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Published in Print: October 4, 2006, as 3 of 4 Claims in Conn.’s NCLB Suit Dismissed

3 of 4 Claims in Conn.’s NCLB Suit Dismissed

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A federal judge last week dismissed three of the four claims in Connecticut’s lawsuit challenging the No Child Left Behind Act, largely on procedural grounds.

The Sept. 27 ruling by Judge Mark R. Kravitz of the U.S. District Court in Hartford, Conn., left both the state and the U.S. Department of Education claiming a victory of sorts.

Connecticut sued U.S. Secretary of Education Margaret Spellings last year in a bid to force the federal government to increase its funding to a level that the state contends would be sufficient to meet the education law’s mandates, which include yearly testing of most students between grades 3 and 8 and once during high school.

“An alternative would be to afford greater flexibility” in implementing the law, Connecticut Attorney General Richard Blumenthal said of the state’s goals, in a statement after the ruling.

Ruling on the Education Department’s motion to dismiss the lawsuit, Judge Kravitz concluded that he lacked jurisdiction to decide the merits of three of the state’s claims. For two of those, it was on the basis that the claims were premature because the secretary has not taken any enforcement action against the state.

Formative Tests

In its first claim, the state sought a declaration of the meaning of the No Child Left Behind law’s language barring “unfunded mandates.” The state contends that it is not required to spend its own funds to comply with the education law as the federal Education Department has interpreted it.

And the state disputes those interpretations, which undergird the department’s mandate that states do annual assessments of special education students at the students’ grade levels rather than at the students’ instructional levels, the state’s preference. The state also disagrees that the law requires that students who are not native speakers of English must take math assessments in their first year after arriving in the country and must take reading assessments the following year. The state wants to wait three years before beginning such tests.

The state, in its lawsuit, also disputes the federal requirement that “nonformative” annual testing occur annually from grades 3 to 8. The state wants to administer what are known as formative tests—tests designed specifically to help teachers measure students’ progress—to students in alternate years. Connecticut argues that such tests are more useful and less expensive than the nonformative tests.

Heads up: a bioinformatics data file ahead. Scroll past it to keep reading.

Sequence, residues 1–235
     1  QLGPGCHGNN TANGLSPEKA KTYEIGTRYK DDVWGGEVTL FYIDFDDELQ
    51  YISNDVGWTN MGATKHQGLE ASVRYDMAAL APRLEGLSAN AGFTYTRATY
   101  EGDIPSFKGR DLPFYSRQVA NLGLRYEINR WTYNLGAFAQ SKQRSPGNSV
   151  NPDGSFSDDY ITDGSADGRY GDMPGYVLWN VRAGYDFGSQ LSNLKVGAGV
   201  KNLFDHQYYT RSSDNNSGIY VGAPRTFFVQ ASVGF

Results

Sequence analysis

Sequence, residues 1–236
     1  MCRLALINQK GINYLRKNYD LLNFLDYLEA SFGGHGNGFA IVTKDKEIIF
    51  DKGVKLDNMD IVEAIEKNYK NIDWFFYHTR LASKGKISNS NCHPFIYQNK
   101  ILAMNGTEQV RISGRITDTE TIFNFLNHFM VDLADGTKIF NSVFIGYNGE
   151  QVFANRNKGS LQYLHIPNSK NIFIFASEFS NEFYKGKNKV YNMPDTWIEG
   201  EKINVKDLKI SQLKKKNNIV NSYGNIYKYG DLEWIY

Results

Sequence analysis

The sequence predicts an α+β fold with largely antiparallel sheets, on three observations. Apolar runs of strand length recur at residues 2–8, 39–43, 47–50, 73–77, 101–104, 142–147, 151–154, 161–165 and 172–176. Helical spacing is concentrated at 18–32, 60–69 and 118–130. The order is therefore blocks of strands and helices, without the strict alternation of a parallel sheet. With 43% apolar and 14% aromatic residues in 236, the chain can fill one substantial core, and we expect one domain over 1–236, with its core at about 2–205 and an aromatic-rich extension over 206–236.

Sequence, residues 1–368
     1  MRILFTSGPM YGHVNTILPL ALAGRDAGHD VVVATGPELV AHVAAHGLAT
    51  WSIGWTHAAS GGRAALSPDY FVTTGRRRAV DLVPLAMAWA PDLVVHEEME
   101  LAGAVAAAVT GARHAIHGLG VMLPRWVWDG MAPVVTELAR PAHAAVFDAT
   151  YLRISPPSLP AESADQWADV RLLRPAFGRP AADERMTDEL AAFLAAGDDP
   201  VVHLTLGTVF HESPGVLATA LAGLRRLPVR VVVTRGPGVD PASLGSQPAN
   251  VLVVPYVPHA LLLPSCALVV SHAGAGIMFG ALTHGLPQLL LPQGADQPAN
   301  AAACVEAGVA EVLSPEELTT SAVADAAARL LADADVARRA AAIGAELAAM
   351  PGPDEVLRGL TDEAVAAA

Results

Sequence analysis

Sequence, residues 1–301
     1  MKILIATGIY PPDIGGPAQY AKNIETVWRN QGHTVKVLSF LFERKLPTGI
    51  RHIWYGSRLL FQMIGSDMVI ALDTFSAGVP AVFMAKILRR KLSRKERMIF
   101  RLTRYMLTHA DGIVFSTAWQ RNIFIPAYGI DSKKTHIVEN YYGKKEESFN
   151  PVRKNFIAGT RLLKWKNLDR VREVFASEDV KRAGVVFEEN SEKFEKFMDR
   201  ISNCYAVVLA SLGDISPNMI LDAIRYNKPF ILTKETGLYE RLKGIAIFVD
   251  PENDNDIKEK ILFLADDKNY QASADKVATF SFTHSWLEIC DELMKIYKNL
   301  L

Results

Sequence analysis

In practice, however, to avoid penalties that could include the loss of federal aid, Connecticut has obeyed the federal interpretations of the education law.

Thus, Judge Kravitz concluded that he could not properly make a “pre-enforcement declaration” about whether the the secretary of education’s interpretation of the unfunded-mandate provision was correct.

“The word ‘pre-enforcement’ is used because, at this point, the state continues to comply with the act,” the judge wrote.

For similar reasons, the judge also dismissed the state’s claims based on the spending clause in Article I of the U.S. Constitution, which authorizes spending by Congress and is the hook by which the federal government requires states to accept obligations in exchange for federal funds.

Judge Kravitz also threw out the state’s claim that the Education Department’s denial of the state’s request for waivers was “arbitrary and capricious” under the federal Administrative Procedure Act, which sets ground rules for reviews of executive-branch decisions.

On that claim, the judge found no clear legal standards for weighing the state’s contention that Secretary Spellings failed to “meaningfully consider” one of the state’s waiver requests when she announced that she would refuse to consider any waivers that sought approval of formative testing in alternate grades.

“To be sure, the secretary and the state disagree about how best to implement the goals of the [NCLB] act,” the judge wrote. “But that policy disagreement can hardly be labeled an abdication of the secretary’s responsibilities.”

Suit ‘Alive and Well’?

But the judge kept alive the state’s claim that the Education Department acted “arbitrarily and capriciously” in denying the state’s request for amendments to its plan for complying with the education law’s provisions on testing non-native speakers of English and special education students.

The judge said deciding that question would require him to examine the administrative record on those matters. He set Oct. 16 as the deadline for the two sides to agree on a schedule for filing relevant information and for others to file motions and relevant papers to intervene in the case.

In a statement posted on his Web site, Attorney General Blumenthal said his state’s case against the NCLB law was “alive and well.”

Acknowledging that the judge had dismissed part of the state’s claims, Mr. Blumenthal said, “This ruling is solely on technical jurisdictional issues: The judge made clear that he has not ruled on the core legal issues of our case.”

The federal Education Department also considered the ruling a win. Katherine McLane, the press secretary for Secretary Spellings, said in a statement, “Importantly, the judge agreed that the secretary has discretion to deny a waiver request and that her decision is not reviewable by a court.”

“The remaining issues in this case have been reserved for another day, after the court considers other information,” Ms. McLane added.

Vol. 26, Issue 06, Pages 16,19

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